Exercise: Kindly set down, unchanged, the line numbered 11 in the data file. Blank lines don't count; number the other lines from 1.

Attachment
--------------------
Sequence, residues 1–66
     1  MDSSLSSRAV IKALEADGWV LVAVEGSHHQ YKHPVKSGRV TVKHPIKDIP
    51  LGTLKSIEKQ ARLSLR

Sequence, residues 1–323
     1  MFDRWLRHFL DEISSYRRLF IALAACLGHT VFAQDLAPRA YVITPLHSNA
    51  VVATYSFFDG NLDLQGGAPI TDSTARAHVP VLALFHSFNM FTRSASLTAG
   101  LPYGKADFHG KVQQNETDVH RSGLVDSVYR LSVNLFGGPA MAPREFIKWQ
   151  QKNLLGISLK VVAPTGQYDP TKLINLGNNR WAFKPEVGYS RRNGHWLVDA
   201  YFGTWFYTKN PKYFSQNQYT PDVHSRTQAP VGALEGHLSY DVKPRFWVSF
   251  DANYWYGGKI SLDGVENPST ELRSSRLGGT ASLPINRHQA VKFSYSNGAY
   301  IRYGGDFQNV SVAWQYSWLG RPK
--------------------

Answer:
   301  IRYGGDFQNV SVAWQYSWLG RPK